Last night, I started the process of migrating pixelyzed.com from a hybrid static and blog site which ran under blogCFC to a full blogging site entirely powered by WordPress (and PHP). As a long time ColdFusion developer and advocate, this is a huge change for me. It is a decision I did not take lightly but it was long time coming and was motivated by several reasons. Continue Reading →
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Anyway, enough of the criticism for now. I really didn’t mean for my first comments on CS3 to be critical but this suites packaging issue has been bothering many people and I wanted to address it.
I’ll soon post more about the new apps in CS3 themselves and explain why I think this is one of the best upgrades ever for many of the applications. As for Fireworks specifically, a lot of groundwork has been done in terms of integration that will pay off in the future, but the Fireworks team has managed to deliver very compelling new functionality as well. More on that later.
Also, you have probably noticed that the look of pixellog has gone back to normal. As I expected, going from the default BlogCFC template to the pixelyzed.com look has been far easier than doing the same with BlogFusion had been. I really have to give kudos to Ray Camden for the incredible work he has done on BlogCFC since the 3.x version. I also updated the software from version 5.6 to 5.7 yesterday and the process was quite easy. I’m very happy I have switched back.
In the next few weeks you may encounter errors when accessing pixellog as I work on moving it from an Access database to MySQL. I’ve struggled quite a bit with this so far but I’m working with my hosting company to resolve what are probably my errors. I’m usually good with the technical side of Web design but this MySQL thing has not been easy for me so far…
So, see you later to discuss Fireworks CS3 and other CS3 apps!
First, both blogging apps are built with ColdFusion and that is an important reason I chose both of them at different times. When i started this blog I was using BlogCFC from Ray Camden. At that time it was a very nice blog app and it was free but its functionality was a bit limited. Administering it was also not so easy because there was no graphical interface to do so. Although my blogging needs were pretty simple I decided to try something else.
I then came across BlogFusion and although it was not free, its developer had special very low pricing for non-commercial blogs. It was extremely sophisticated compared to BlogCFC at the time and had a very extensive admin interface so I decided to switch.
As I started the task of adapting the default look of BlogFusion to my site I quickly realized that the developer had taken a very diffeent approach to programming it than Ray had for BlogCF. It took me a long time to grasp how the countless files that affected the blog’s look worked together and modify them to my needs. It was a real chore and I almost went right back to BlogCFC. I really liked the new functionality BlogFusion was giving me though. so I forged ahead and eventually got the customization done.
BlogFusion has then been picked up by new developers and the new version has been in beta for what seems like forever. The beta versions have looked at did not seem to have much improved the underlying mess of disorganized code that was behing BlogFusion 4.x and the app started giving me trouble. In recent weeks, my hosting provider communicated with me many times to point out several errors that were occuring within the BlogFusion app. Between database connections timeouts to other errors that were impossible for me to pinpoint or fix, the host support people felt that my blog was compromising the stability of the server my Web site is hosted on so I had no choice but to do something.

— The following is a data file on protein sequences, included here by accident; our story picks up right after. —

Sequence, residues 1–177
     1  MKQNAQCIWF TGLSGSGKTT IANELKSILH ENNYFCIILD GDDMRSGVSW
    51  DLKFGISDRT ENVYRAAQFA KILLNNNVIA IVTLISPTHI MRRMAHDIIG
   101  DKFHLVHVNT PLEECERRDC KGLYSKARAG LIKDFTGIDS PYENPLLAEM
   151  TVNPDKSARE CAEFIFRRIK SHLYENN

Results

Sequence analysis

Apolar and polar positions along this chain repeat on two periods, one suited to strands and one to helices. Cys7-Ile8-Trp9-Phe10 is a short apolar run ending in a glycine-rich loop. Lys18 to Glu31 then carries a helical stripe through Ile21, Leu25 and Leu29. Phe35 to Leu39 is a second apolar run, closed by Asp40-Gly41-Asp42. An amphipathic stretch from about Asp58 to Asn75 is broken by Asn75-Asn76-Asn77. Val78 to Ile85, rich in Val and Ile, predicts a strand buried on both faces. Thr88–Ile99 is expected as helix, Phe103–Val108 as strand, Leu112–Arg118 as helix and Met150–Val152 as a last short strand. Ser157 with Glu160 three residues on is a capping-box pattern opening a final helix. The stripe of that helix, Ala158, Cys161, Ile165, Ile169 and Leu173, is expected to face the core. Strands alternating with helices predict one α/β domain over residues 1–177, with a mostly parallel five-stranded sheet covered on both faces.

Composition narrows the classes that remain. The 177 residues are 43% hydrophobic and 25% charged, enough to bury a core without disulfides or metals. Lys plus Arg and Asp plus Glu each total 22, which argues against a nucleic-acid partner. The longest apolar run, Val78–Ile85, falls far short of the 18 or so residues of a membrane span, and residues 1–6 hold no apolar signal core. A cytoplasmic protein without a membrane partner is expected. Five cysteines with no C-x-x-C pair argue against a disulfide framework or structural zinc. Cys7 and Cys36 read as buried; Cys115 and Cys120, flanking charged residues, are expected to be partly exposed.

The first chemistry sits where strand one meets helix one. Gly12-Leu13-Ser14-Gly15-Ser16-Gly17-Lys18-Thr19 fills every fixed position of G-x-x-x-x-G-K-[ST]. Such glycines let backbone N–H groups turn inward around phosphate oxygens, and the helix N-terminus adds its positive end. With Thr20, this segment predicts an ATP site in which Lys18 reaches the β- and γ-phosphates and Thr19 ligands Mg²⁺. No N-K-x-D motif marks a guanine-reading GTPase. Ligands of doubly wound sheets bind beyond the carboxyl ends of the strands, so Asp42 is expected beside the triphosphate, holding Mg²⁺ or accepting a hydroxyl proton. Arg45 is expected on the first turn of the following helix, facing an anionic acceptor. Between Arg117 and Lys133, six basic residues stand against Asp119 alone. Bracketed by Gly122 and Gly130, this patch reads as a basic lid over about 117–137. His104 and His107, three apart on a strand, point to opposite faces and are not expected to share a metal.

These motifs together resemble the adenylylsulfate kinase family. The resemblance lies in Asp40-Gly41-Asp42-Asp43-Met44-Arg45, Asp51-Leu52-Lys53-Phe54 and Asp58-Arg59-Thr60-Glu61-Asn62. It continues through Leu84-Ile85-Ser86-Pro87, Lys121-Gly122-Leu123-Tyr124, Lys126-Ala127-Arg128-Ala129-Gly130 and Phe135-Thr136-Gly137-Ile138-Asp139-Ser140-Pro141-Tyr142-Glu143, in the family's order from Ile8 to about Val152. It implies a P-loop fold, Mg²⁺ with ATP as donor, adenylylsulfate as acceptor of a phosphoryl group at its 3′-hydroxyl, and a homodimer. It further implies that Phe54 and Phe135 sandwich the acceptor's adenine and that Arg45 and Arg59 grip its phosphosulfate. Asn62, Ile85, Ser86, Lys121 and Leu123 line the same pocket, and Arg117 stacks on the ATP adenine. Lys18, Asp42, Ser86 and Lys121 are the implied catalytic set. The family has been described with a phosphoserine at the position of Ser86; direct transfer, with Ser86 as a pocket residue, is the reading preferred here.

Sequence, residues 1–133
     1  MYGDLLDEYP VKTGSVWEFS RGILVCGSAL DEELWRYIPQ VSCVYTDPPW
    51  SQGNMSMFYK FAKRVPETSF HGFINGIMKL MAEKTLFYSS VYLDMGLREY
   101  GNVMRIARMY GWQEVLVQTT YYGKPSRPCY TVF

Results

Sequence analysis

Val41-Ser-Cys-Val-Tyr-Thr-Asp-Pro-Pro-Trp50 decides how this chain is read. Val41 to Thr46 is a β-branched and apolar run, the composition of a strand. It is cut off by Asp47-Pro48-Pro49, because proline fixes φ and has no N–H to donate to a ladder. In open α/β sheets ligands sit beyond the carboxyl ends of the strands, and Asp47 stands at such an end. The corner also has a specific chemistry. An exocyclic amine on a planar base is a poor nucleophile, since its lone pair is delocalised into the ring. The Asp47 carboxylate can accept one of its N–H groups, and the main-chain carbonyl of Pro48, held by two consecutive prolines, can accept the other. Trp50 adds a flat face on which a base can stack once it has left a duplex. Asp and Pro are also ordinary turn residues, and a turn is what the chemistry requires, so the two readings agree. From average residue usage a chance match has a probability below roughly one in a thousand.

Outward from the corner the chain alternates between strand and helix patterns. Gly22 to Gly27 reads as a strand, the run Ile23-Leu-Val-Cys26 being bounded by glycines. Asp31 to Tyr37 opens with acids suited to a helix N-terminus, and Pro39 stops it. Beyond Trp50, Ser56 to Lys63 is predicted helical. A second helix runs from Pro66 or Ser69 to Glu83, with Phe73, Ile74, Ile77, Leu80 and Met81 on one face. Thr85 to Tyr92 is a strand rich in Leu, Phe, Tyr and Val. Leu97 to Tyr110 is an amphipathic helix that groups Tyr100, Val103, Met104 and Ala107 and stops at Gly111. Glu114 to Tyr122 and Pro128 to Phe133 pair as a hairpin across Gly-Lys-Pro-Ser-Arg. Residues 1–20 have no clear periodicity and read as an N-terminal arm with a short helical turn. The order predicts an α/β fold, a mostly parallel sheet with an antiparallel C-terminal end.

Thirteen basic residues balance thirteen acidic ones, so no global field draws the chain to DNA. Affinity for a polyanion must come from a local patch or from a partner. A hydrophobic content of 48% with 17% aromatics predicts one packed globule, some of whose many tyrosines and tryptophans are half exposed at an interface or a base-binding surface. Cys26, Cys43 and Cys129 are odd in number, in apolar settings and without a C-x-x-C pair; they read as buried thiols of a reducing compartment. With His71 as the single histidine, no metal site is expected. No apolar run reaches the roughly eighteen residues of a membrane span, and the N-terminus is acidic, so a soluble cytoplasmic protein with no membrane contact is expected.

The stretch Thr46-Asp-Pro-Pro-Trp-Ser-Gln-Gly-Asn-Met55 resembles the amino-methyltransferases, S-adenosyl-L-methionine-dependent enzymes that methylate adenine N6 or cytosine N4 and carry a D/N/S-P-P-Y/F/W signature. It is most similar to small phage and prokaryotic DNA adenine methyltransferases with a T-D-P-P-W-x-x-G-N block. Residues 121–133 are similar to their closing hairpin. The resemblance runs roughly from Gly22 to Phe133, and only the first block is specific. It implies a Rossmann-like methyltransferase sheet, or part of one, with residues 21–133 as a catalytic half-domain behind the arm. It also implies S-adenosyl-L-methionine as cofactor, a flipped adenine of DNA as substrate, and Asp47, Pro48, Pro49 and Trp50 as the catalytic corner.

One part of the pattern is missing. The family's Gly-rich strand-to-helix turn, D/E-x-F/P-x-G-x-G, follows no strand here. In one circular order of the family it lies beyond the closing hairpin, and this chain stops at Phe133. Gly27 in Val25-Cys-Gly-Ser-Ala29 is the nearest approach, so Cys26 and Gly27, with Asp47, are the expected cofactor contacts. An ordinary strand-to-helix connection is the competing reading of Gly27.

Now to be fair to BlogFusion, it is entirely possible that I messed up something in it myself as I applied the various updates from 4.0.1 to 4.0.8. I had to rely on a file compare utility (Winmerge) to apply the updates as I had heavily modified several key files to get BlogFusion to look and behave like my site. As is the case with many back end developers, the BlogFusion front end HTML/CSS code was not very standards compliant or semantic and relied on very outdated markup and formatting techniques. I’m not a standards purist by any stretch of the imagination but it was nowhere near the quality I required.
Another problem I’d been having with BlogFusion from the get go is that it made it very hard to control blog comments spam. It completely ignored the blocked IP addresses list and, despite its very sophisticated admin interface, it was very tedious to delete spam comments made to several entries. There were other things as well but the point here is not to bash BlogFusion but to explain why I felt I had to switch again. BlogFusion 5 may end up to be a lot better but it will probably end up being a lot more than I need.
In the meantime, BlogCFC has evolved quite nicely in the last 2 years. It now offers all the functionality I wanted and then some and now has a very nice Web admin interface. The app’s underlying structure is also far better organized and more modular and changing the look of the app will be far easier than it has been for BLogFusion. It feels good to be back to BlogCFC and I can’t wait to see what Ray has planned for it in the future.